A previous study by Taneichi et al. [34] identified the following criteria of impending collapse: 1) 50–60% involvement of the vertebral body with no destruction of other structures, or 25–30% involvement with costovertebral joint destruction in the thoracic spine; and 2) 35–40% involvement of vertebral body, or 20–25% involvement with posterior elements destruction in thoracolumbar and lumbar spine. It is well known that the load bearing capacity of bone is influenced by the geometry, location, biological activity of the tumor, and the geometry and material properties of the host bone [34]. Several studies have investigated the risk of vertebral fracture in osteoporotic bones [35,36,37,38,39,40,41,42,43,44,45]. However, there is still a lack of knowledge relating the interactive and/or cumulative effect of metastatic cancer and osteoporosis [46, 47].

To the best of our knowledge, this is the first three-dimensional, anatomical model of two spinal motion segments (L3-L5) that investigates a metastatic lesion in an osteoporotic spine. A previous study by Whyne et al., investigated the effects of tumor size, material properties and compressive loading rate on vertebral strength, using a two-dimensional, symmetric finite element model of the L1 vertebral body without posterior elements [48]. Two additional studies by Whyne et al. implemented a three-dimensional finite element model of the L1 vertebra including the posterior arch but no additional posterior elements were represented [13, 49]. These studies showed tumor size to be the predominant contributor towards the risk of initiating a burst fracture, followed by the applied load magnitude and bone density. However, the biomechanical response, including stress distribution and geometrical changes, is more complex in a spine segment comprised of the vertebral bodies with posterior elements and soft tissues (intervertebral discs and ligamentous structures). The posterior elements, facet joints and ligaments share a substantial portion of the loads applied to the spine, stabilizing and preventing vertebral bulge [50]. Tschirat et al. developed a geometrical three-dimensional finite element model of a thoracic spine segment to understand the effects of vertebral level, geometry, and metastasis on the cortical shell [51, 52]. The study demonstrated that upper thoracic vertebrae are at greater risk of burst fracture, and that kyphotic segments, ribcage and transcortical tumor provided lower risk of burst fracture initiation [52]. Moreover, the effect of multiple loading conditions on metastatically-involved thoracic spinal motion segment was investigated showing axial loading as the predominant load type leading to increased risk of burst fracture initiation [51]. However, the load distribution in the lumbar spine might differ from that observed in the thoracic spine due to the presence of the ribcage, vertebral size, lordotic angle, and articular facet angles. Our results showed osteoporosis to highly affect vertebral outcomes of the model. Previous studies have only modified trabecular bone material properties based on an assumed apparent density [13, 48, 49]. In order to obtain a reliable representation of an osteoporotic spine, the current model included changes in the material properties of the cortical shell, endplates and posterior elements.

This study has limitations. The L3-L5 finite element model was extracted from a previously developed and validated three-dimensional, nonlinear, ligamentous L3-Sacrum model [25, 26]. Prior validation of the L3-Sacrum model allows considering results derived from the L3-L5 model as reasonable. However, the two spinal motion segment model cannot be considered as properly validated. The metastatic lesion was represented as an ellipsoid, and tumor shape can influence vertebral bulge and vertebral axial displacements [33, 41]. However, the ellipsoidal geometry is frequently used in finite element models of metastasis [13, 41, 49]. Second, only an axial compressive load of 1200 N was studied. However, this represents a compressive force on the lumbar spine for an individual standing upright holding an 8.3 kg mass with outstretched arms [32]. Lower loading regime should be studied in order to simulate daily life tasks of endstage cancer patients that can be translated to clinical practice. Third, additional motions or loads were not simulated. Tschirhart et al. [51] suggested focusing primarily on axial compressive loading rather than complex load/boundary conditions since it is the predominant load type leading to increased risk of burst fracture initiation of the thoracic spine and it is likely to be the same for the lumbar segment. Fourth, it could be argued that metastatic lesions are more common in the thoracic spine rather than in the lumbar spine. However, we aimed to evaluate the effect of axial loading without the influences of the ribs, which can contribute to reduce the effective axial loading applied on the vertebra. Therefore, we decided to study the lumbar spine segment. In future studies, we are planning to study localization of metastasis to the thoracic spine. Fifth, we only simulated a lytic metastasis. Blastic lesions are frequent and should be investigated in future studies. However, it should be taken into account that, both lytic and blastic metastasis lead to a decrease in bone mineralization [46, 53]. Mineral content have been demonstrated to be strongly correlated with strength/stiffness [54,55,56]. Thus, the reason for fracture of a metastatic vertebra is related to poor bone quality, both in case of lytic and blastic metastasis. Finally, our parametric study was limited to metastasis size and bone mineral density. Future studies should evaluate metastasis location, vertebral level, pedicle involvement, metastasis type, and disc degeneration.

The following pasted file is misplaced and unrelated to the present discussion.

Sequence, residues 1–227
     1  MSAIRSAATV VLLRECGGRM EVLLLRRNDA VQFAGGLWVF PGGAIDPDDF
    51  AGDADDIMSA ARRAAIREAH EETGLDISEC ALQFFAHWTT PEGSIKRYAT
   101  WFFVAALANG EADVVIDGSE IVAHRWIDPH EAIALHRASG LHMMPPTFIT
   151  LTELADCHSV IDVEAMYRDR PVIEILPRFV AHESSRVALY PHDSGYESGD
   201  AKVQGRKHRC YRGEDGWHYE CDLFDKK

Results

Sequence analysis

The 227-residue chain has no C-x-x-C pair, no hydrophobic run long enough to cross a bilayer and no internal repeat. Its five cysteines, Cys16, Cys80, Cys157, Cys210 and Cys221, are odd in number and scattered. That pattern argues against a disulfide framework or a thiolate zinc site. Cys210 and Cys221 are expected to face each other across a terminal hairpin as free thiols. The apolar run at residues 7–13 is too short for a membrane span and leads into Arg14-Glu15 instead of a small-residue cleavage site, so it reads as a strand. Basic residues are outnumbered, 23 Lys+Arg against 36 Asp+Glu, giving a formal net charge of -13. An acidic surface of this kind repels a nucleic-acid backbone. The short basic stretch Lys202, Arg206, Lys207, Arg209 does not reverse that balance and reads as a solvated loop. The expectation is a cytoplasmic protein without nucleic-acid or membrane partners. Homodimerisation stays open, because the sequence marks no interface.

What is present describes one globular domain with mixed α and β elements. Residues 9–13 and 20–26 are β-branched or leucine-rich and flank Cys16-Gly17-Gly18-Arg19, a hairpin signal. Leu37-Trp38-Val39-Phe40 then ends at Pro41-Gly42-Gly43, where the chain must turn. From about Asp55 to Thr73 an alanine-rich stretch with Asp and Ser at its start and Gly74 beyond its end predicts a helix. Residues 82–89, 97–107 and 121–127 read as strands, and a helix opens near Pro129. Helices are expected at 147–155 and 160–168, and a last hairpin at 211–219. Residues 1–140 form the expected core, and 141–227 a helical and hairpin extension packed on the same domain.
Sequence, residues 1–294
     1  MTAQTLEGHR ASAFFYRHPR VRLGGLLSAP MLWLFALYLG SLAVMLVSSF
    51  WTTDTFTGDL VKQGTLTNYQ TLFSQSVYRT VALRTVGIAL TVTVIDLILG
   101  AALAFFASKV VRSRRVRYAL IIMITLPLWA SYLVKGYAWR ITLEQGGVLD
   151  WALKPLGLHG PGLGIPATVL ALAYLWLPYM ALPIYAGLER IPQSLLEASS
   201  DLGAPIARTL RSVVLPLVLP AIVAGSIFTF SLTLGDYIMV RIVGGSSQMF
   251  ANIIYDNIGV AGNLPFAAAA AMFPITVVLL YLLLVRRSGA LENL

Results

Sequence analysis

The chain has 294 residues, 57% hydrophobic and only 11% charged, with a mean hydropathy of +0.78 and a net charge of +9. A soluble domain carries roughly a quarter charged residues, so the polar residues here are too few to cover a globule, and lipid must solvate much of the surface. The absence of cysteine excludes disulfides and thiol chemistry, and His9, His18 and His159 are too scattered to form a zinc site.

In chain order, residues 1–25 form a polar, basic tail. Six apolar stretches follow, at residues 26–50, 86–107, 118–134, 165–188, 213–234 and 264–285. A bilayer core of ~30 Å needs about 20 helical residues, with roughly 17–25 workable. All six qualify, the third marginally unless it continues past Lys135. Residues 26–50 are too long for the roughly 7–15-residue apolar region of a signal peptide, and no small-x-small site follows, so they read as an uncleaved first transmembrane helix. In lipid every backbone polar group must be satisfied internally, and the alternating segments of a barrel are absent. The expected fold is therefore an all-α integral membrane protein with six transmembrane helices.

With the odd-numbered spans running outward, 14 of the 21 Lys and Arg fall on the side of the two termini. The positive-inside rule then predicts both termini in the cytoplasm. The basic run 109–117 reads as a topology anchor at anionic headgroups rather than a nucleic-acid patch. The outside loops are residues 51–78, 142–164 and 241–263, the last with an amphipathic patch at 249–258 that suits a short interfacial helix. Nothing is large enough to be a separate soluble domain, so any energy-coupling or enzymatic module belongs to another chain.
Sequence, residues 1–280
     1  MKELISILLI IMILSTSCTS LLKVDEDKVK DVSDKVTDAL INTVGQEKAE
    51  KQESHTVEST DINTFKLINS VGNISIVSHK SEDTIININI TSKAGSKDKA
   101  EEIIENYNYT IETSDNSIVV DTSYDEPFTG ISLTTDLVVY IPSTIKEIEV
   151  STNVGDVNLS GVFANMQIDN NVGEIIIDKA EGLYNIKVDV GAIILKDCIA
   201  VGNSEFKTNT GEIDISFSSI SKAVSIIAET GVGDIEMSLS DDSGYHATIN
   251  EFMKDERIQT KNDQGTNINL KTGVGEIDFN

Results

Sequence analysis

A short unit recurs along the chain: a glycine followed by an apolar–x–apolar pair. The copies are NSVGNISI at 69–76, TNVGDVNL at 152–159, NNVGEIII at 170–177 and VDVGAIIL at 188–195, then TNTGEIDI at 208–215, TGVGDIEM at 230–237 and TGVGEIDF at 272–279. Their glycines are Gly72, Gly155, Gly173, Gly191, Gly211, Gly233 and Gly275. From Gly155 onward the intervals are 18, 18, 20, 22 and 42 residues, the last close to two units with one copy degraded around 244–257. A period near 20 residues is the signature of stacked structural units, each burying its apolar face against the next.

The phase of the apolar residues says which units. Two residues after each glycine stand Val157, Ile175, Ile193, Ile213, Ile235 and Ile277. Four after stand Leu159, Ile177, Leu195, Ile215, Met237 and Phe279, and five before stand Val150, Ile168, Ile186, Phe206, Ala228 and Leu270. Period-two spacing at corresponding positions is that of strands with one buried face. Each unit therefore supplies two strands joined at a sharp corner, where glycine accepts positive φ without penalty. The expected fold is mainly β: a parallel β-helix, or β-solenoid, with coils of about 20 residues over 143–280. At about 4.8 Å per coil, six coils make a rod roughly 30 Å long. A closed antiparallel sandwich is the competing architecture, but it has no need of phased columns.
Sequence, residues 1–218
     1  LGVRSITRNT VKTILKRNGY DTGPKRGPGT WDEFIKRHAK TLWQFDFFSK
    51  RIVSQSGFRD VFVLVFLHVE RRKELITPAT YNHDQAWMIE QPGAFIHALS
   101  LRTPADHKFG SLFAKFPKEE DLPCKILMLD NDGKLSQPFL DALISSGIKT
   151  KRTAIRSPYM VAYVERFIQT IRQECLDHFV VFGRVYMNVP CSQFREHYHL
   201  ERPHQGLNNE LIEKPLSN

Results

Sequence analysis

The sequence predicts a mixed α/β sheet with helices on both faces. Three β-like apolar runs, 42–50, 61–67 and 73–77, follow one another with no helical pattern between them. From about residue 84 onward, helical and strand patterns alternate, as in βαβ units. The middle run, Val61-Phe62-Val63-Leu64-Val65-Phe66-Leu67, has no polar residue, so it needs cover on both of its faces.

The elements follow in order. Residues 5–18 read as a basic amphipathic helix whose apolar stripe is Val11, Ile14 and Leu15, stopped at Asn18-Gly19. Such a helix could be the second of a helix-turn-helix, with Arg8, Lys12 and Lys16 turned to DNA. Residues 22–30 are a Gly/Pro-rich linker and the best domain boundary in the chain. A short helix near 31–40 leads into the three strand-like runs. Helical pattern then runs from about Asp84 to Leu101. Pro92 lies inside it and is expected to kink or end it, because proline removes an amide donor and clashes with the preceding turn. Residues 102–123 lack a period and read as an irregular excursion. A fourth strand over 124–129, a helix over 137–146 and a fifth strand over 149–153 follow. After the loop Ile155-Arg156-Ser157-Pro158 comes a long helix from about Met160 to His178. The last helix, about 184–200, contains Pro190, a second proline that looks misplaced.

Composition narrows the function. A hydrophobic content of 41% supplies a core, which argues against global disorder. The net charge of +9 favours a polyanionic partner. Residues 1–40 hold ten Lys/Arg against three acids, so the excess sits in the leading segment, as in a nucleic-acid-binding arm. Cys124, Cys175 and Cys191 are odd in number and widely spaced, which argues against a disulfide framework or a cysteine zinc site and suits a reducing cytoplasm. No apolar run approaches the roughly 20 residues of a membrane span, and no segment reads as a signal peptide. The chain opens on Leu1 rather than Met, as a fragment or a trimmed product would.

A metastasis in the osteoporotic lumbar spine always leads to a higher risk of vertebral fracture. This risk increases with the size of the metastasis. Unexpectedly, an increment in metastasis size in the normal BMD spine produces a greater impact on vertebral stability compared to the osteoporotic spine.